With little national fanfare, unlike the Derek Chauvin verdict, Huntsville, Alabama police Officer William Ben Darby was convicted last week of murder for shooting and killing Jeff Parker, a suicidal man, three years ago, reported AL.com.
A Madison County jury found Darby guilty after about two hours of deliberations on Friday morning, returning a verdict that left local police “in the first stages of shock.”
Circuit Judge Donna Pate ordered that Darby be taken to the Madison County jail from the courtroom. He was released on a $100,000 bond just over two hours later, records show.
Madison County District Attorney Rob Broussard this morning welcomed the verdict. “I’m not saying it was a pleasant day,” he said at a press conference, but the “facts bore out there was nothing justified about this encounter.”
Darby’s defense attorney Robert Tuten said he looks forward to appealing the case and believes the verdict “won’t stand.”
“The jury got it wrong,” Tuten said at a press conference outside his office.
Darby was on duty when he shot and killed Parker on April 3, 2018. Parker called 911 that afternoon and said that he was armed and suicidal.
When the first two officers got to Parker’s west Huntsville home, they found him sitting on a couch with a gun to his own head. The first officer, Genisha Pegues, testified against Darby and told the jury that she was de-escalating the situation before he got there.
Darby testified that he shot Parker in defense of himself and other officers because he feared Parker might shoot them.
Body camera video showed Darby grab a shotgun from his patrol car and sprint to the house. Less than a minute later, he shot Parker in the face. Darby testified that he had to take over the situation from Pegues, a senior officer, because he believed she was putting herself in danger by talking to Parker.
Darby walked up to the house and shouted for Pegues to “point your fu**ing gun at him,” bodycam video showed. Darby repeatedly shouted for Parker to drop his gun. Darby fired the fatal shot 11 seconds after entering the house, according to the video.
In closing arguments, Tuten told the jury that Darby had to shoot. He said if Parker had decided to turn his gun on the police, it would have taken twice as long for the officers to return fire.
Madison County prosecutors saw the case differently. Tim Douthit, an assistant district attorney, argued that Darby killed Parker because the man didn’t follow his orders to drop the gun.
Tim Gann, Madison County’s chief trial attorney, said that Darby violated his oath to serve and protect.
“An innocent man was murdered,” Gann told the jury. “He called for help and he got Ben Darby.”
In a case that has divided city and county leaders, Huntsville police issued an immediate response.
“We are in the first stages of shock,” said Chief Mark McMurray in a statement emailed to the news media. “While we thank the jury for their service in this difficult case, I do not believe Officer Darby is a murderer.”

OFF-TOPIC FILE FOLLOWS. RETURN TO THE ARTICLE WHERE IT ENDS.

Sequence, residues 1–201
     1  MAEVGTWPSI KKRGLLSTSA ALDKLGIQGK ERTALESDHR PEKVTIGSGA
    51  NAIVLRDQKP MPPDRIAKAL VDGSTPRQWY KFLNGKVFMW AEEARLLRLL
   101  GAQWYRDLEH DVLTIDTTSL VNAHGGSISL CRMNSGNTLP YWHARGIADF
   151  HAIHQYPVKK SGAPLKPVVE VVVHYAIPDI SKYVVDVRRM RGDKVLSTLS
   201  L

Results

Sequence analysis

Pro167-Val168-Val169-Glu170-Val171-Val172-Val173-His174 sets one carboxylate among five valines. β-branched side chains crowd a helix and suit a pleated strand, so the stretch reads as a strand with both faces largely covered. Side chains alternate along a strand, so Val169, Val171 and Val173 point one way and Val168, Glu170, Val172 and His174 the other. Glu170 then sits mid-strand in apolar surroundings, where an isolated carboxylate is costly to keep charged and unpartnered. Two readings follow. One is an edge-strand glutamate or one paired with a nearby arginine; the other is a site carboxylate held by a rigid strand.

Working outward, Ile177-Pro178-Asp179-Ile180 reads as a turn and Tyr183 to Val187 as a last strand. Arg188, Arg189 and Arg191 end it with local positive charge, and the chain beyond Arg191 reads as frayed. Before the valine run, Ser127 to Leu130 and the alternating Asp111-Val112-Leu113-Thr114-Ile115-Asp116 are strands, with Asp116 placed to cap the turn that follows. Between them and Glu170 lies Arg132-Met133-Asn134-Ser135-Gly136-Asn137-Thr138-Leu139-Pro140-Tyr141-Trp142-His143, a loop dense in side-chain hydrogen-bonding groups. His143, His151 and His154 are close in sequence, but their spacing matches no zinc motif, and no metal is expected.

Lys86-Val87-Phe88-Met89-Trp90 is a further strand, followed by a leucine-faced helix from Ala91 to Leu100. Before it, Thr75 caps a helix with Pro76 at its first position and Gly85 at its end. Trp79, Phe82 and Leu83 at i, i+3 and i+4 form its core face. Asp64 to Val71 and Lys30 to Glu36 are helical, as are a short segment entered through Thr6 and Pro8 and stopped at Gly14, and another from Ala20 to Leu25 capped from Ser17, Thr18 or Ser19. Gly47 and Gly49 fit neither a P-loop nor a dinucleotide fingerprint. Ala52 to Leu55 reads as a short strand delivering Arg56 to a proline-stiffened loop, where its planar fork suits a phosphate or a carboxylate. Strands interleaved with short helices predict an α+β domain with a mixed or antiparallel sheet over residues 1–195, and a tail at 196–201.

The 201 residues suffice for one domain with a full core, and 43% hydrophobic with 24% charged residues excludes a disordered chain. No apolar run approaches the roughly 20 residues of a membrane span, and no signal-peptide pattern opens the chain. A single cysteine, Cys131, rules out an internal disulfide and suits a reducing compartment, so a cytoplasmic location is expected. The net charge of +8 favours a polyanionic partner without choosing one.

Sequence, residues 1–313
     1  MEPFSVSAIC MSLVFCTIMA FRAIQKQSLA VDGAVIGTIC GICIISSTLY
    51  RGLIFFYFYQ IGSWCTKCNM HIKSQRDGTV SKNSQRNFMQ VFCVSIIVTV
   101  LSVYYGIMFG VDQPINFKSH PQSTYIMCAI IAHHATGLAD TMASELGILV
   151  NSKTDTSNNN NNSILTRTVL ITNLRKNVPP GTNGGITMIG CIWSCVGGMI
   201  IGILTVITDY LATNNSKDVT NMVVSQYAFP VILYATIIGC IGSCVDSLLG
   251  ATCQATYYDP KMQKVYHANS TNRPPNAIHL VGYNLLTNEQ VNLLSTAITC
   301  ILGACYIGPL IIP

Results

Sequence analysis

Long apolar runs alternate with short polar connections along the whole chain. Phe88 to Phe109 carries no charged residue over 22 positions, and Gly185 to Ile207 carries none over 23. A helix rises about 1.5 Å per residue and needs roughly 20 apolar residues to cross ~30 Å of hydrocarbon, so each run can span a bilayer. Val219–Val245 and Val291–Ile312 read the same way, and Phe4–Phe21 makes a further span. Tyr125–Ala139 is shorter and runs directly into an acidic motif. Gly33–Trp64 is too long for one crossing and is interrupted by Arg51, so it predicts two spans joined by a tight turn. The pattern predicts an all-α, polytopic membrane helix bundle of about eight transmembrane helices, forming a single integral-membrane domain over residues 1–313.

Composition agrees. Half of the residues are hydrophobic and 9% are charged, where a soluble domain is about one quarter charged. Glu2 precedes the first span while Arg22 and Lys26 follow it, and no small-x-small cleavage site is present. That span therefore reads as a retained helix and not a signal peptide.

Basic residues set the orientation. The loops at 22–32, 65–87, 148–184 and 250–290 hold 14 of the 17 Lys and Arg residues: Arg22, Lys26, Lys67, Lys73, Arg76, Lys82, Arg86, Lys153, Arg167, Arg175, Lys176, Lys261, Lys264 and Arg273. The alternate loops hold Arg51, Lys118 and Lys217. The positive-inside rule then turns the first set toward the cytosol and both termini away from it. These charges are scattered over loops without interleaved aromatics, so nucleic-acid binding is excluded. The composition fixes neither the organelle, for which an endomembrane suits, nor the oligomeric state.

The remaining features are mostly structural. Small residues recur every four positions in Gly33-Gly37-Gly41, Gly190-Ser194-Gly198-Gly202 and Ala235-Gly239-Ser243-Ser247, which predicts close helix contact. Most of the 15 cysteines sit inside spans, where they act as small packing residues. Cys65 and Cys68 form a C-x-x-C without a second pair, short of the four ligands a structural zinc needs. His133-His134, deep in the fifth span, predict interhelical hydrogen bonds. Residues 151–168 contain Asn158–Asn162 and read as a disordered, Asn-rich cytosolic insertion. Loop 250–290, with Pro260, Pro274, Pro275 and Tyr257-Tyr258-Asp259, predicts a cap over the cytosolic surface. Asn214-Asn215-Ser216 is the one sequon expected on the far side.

“Officers are forced to make split-second decisions every day, and Officer Darby believed his life and the lives of other officers were in danger. Any situation that involves a loss of life is tragic. Our hearts go out to everyone involved.”
The Huntsville City Council voted to dedicate $125,000 in public money for Darby’s criminal defense. In 2018, when approving the first $75,000 in support, the city resolution said Darby’s shooting was “within the line and scope of his duty.” The council voted without seeing the bodycam footage.
Huntsville Mayor Tommy Battle has said the shooting was within policy and that he disagreed with the district attorney’s office.
“While I respect the jury’s opinion,” said Battle today, “I disagree with the verdict.”
“We recognize this was a hard case with a lot of technical information to process. Officer Darby followed the appropriate safety protocols in his response on the scene. He was doing what he was trained to do in the line of duty. Fortunately, Officer Darby has the same appeal rights as any other citizen and is entitled to exercise those rights.”
District Attorney Rob Broussard this morning said the evidence “was off the charts. He was not justified in any way.”
Broussard said the case was not a reflection on Huntsville police or local law enforcement. “We have as good of law enforcement as any community could ever hope to have,” he said.
Broussard said Parker showed “zero hostility or aggression” during the encounter, and that Officer Pegues did what you would hope for from police. “She was trying to help this man.” As for Darby, he said: “He had maybe no business being a police officer, truthfully. He was not wired for it … pretty clear.”
Pegues and Justin Beckles, the second officer who arrived at Parker’s home on the day of the shooting, have both since left the Huntsville Police Department. After the shooting, they were both sent to remedial training, while an internal police department review cleared Darby of wrongdoing.
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